Christopher Alcantara raised a very important question, and an empirical one! Do group op-eds have an effect on political outcomes? The question is framed within the fields of public opinion and public policy. On the one hand, he is correct. Public opinion is not easily swayed by such communications. Op-eds, editorials, columns, and the media in general do not yield a strong influence on public opinion, other than to affect the priorities people attach to various issues. To paraphrase Cohen: the media doesn’t change how you think about an issue, but it can change what you think about).
Those with strongly formed opinions, the “partisans” among us, are especially resistant to media messages that contradict their views. And while there are members of the public who can be swayed, chances are, they are not reading such op-eds.
On the other hand, the media has been shown to affect the policy agenda. Policy actors have been shown to respond to media attention to an issue, and sometimes, this media-policy dynamic is stronger than the public opinion-policy dynamic. The process is not simple and clean, however. Conditions that lead a media communication, such as an op-ed, to have any sort of influence over the policy agenda are varied: the framing of the op-ed, what is being primed, the issue domain, tone, placement, and so forth. These elements form part of the so-called “second level” agenda-setting research program, which looks at how a media communication, such as an op-ed, structures an argument, and how those structures can yield an affect.
So op-eds (or group-authored op-eds) hold some potential to affect the policy agenda. Here, we are talking about the media-policy nexus, and the media-policy nexus may have less to do with the psychological variables familiar to those who study public opinion. Instead, consider variables from the domain of group politics. Here are some:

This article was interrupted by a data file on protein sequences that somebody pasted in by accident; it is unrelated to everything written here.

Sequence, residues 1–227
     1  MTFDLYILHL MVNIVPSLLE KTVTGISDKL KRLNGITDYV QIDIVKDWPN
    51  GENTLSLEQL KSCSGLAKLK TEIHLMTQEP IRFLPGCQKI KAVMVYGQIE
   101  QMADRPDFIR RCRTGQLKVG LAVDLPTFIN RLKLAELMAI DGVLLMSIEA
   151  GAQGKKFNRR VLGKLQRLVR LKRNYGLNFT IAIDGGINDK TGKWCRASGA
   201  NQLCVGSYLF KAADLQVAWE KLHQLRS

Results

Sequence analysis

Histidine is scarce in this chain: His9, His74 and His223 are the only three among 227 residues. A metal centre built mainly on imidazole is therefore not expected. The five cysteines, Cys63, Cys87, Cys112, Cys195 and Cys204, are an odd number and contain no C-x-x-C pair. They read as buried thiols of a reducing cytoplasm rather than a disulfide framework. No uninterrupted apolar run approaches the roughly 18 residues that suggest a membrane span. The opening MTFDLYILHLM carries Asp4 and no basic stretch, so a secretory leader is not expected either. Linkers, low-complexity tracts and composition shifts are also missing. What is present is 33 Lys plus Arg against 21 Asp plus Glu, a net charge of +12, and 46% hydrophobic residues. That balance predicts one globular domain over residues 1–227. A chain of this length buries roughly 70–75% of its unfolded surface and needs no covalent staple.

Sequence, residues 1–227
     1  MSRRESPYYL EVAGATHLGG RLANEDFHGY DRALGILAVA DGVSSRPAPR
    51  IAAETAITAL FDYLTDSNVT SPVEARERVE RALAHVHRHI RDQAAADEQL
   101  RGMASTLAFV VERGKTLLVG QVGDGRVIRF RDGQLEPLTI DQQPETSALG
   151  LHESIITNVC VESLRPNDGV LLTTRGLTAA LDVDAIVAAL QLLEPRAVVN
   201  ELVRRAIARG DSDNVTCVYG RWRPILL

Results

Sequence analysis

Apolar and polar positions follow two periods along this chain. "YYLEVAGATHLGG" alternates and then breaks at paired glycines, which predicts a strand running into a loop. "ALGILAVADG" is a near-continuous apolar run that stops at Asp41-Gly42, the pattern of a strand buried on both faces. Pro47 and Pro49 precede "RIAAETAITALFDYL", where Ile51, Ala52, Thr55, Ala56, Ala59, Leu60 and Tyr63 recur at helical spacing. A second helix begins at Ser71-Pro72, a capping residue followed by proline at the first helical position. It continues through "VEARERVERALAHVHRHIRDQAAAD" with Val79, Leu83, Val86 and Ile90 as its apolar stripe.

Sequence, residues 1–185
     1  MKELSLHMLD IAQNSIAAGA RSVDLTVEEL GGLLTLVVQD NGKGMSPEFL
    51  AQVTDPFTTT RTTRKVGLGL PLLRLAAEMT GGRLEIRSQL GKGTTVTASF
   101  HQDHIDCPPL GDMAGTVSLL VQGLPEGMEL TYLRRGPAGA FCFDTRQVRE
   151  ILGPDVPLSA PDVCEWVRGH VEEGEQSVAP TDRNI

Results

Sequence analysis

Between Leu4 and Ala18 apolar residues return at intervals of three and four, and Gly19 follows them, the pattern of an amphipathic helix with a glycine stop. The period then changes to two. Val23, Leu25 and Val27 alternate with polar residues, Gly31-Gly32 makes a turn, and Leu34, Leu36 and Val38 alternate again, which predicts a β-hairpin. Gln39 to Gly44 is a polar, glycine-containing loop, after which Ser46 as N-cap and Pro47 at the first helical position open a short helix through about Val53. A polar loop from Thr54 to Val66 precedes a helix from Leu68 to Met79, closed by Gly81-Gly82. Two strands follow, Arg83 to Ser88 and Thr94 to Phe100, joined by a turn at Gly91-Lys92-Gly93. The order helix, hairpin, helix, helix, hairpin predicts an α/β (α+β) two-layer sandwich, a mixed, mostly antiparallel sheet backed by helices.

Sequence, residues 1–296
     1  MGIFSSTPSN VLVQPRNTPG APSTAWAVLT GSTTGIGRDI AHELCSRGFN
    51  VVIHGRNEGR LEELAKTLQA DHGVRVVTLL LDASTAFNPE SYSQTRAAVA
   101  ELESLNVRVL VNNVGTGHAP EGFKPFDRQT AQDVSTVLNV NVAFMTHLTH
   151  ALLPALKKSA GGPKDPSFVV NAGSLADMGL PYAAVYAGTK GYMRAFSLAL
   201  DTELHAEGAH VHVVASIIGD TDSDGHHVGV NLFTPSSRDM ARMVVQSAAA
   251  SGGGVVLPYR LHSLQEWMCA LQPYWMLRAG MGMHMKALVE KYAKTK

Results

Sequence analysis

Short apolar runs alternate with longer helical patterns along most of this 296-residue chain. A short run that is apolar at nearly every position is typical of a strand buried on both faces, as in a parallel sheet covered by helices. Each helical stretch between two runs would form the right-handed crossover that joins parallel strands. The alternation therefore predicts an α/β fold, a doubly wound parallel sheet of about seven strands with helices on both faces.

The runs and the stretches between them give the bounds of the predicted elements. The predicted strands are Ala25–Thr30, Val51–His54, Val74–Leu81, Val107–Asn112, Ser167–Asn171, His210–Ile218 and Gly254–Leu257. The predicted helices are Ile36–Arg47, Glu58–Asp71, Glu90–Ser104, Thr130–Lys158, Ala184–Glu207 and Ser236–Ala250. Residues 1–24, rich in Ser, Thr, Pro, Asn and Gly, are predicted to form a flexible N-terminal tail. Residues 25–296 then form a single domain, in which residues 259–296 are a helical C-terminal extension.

- Group coherence. A group with factionally divided members will struggle to gain “respect” from state decision makers, and thus, demands from such a group can be safely ignored.
- Viable equilibrium point. Does the op-ed help the various stakeholders (both state actors and the broader policy community) move towards some equilibrium, i.e., a solution?
- Group organization. An op-ed may be just one tactic of a broader strategy or campaign. A group may have prepared a more elaborate and carefully considered campaign that includes other actions as well, and together, these may wield more weight.
- State actors’ openness. You can shout as loud and clear as you like, but at the end of the day, is there anybody listening? Groups that wish to influence the policy process need “access” to the key decision makers. State actors unwilling to give any a group a proper hearing effectively limit that group’s potential to influence policy.
This is not an exhaustive list of variables. But it does offer a way to begin a more systematic examination of the potential of media items such as op-eds. Maybe they are completely useless. Or maybe they can grab the attention of implicated state actors within a particular policy community, who then, for whatever reason, respond to the “challenging group” (to use Bill Gamson’s words).
In sum, the potential ability of an op-ed to influence policy decisions would have to be examined in light of what we know about the public policy process. It’s not a straight-forward communication-influence dynamic. It is heavily context dependent.